Living in a trench is no fun.
Constant freezing rain in the northern part of the Western Front during November and December 1914 made it considerably less fun: flooded trenches and appalling living conditions.
On Christmas Eve 1914, the freezing rain gave way to a frost. The ground hardened and the smell of decomposing flesh lessened.
The Germans placed lighted Christmas trees along their trenches and soldiers on both sides sang Christmas carols to each other.
On Christmas morning, a fog lifted and the makeshift German Christmas trees were aglow in beautiful sunlight. All firing stopped and there was shouting between trenches and the soldiers moved into No Man’s Land.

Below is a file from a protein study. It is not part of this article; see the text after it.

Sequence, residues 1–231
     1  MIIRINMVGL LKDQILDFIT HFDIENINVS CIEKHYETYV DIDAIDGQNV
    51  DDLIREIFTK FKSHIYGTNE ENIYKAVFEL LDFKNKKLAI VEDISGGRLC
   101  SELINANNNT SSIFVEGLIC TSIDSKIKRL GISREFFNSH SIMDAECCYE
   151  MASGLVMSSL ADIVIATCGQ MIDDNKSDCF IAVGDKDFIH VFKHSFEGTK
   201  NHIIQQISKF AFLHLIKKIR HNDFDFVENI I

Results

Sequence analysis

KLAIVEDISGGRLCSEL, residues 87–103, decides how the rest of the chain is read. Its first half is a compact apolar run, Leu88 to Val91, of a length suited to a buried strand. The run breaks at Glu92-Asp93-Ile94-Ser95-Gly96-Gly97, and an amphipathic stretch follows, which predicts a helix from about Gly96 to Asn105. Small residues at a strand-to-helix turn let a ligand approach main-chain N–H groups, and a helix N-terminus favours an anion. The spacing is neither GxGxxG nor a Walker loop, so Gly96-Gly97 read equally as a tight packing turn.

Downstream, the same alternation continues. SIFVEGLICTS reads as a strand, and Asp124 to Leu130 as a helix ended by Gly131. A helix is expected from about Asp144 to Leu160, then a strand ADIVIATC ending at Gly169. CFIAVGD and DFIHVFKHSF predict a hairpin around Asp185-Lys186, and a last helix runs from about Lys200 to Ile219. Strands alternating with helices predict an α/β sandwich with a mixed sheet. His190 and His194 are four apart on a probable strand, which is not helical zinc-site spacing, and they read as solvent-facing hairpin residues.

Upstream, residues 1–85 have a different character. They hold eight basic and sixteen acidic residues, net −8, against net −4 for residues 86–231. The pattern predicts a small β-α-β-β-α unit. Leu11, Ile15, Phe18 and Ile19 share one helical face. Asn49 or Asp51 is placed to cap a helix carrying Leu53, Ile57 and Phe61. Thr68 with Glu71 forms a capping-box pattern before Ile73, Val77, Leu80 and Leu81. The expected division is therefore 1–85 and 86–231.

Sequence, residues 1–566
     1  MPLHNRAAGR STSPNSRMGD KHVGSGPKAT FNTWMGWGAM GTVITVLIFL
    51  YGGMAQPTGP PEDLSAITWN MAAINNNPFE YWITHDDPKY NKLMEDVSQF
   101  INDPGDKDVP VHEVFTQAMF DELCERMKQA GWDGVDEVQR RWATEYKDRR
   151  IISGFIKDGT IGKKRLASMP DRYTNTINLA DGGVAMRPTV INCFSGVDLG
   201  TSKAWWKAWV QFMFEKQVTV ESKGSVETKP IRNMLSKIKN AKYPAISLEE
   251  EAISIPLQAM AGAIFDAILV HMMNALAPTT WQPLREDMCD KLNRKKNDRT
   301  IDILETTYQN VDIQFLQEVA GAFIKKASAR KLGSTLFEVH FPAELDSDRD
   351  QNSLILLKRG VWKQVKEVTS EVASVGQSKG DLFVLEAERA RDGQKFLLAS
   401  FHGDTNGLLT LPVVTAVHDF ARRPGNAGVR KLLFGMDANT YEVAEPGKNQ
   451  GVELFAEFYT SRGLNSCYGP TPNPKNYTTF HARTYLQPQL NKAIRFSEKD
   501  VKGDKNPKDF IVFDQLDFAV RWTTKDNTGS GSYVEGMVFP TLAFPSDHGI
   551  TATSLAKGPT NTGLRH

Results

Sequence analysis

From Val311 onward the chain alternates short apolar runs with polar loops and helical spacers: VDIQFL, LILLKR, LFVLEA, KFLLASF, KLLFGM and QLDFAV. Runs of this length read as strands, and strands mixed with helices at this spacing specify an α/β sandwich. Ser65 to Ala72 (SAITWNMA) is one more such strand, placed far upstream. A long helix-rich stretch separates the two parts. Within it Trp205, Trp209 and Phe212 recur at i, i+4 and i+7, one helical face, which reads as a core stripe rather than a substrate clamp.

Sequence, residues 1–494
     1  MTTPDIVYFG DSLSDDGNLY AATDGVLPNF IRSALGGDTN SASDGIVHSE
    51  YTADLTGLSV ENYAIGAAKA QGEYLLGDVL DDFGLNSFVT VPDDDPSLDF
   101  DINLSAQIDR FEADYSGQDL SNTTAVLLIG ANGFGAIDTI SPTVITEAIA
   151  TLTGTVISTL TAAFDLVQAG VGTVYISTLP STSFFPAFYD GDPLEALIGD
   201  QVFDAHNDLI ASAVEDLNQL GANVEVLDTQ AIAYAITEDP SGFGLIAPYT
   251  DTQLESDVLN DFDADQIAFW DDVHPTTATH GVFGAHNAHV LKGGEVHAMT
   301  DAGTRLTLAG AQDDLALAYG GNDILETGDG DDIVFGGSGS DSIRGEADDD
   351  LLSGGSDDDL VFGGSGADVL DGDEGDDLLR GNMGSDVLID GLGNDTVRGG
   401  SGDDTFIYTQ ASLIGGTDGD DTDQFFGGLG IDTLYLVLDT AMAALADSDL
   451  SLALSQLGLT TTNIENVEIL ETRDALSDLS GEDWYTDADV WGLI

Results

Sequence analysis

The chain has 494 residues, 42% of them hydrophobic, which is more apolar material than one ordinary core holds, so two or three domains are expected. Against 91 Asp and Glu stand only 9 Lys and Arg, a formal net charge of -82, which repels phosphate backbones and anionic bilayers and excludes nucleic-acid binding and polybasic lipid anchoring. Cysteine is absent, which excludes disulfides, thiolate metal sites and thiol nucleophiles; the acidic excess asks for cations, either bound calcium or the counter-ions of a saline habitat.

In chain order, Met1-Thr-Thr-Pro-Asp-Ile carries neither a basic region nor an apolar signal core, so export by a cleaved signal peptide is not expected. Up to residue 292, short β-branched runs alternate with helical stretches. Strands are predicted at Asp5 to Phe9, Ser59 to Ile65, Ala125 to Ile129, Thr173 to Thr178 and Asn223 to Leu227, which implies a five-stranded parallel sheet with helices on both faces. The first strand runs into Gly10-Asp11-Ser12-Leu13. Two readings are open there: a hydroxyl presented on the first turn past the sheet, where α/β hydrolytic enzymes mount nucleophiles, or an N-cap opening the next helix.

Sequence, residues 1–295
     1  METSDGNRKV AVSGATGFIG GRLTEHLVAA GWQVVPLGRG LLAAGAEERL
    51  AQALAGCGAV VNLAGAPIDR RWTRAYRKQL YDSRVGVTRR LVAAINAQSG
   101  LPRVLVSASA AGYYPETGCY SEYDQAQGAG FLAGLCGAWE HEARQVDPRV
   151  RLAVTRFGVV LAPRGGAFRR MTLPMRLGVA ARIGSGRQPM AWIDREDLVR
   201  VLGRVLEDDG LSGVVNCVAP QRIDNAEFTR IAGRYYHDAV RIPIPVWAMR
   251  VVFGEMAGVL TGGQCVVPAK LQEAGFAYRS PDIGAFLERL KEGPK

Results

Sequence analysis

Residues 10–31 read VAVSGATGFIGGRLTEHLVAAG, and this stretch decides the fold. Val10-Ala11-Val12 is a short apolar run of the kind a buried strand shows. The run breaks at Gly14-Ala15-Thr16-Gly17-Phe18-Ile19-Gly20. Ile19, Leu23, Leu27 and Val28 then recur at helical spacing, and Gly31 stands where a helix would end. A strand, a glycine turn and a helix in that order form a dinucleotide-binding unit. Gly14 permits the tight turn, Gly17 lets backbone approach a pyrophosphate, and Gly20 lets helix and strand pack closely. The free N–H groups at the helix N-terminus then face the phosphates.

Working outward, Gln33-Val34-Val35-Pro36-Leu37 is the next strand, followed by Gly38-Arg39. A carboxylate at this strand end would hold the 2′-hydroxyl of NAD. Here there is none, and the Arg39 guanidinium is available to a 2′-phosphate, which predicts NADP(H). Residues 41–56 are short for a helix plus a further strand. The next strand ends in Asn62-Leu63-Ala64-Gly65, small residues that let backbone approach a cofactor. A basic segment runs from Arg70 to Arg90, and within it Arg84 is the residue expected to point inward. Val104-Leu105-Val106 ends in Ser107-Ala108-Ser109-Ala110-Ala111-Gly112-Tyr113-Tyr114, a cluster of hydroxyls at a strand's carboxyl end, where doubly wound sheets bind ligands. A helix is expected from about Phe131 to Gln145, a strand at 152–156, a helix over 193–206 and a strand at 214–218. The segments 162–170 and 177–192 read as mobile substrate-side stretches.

Gifts were exchanged, several soccer matches were played, beer was drunk and both sides took the opportunity to bury their dead.
Bruce Bairnsfather of the Royal Warwickshire Regiment, wrote: “I wouldn’t have missed that unique and weird Christmas Day for anything . . . I spotted a German officer, some sort of lieutenant I think, and being a bit of collector, I intimated to him that I had taken a fancy to some of his buttons . . . I brought out my wire clippers and, with a few deft snips, removed a couple of his buttons and put them in my pockets. I then gave him two of mine in exchange . . . The last I saw was one of my machine gunners, who was a bit of an amateur hairdresser in civil life, cutting the unnaturally long hair of a docile Boche, who was patiently kneeling on the ground whilst the automatic clippers crept up the back of his neck.”
The next day, the British High Command said anybody doing anything like that again would be shot.
One German vehemently opposed to the Christmas Truce was a young corporal of the 16th Bavarian Reserve infantry.
His name was Adolf Hitler.
2012 | Digital Print | Hahnemuhle Photo Rag | 20" x 20" | Edition of 5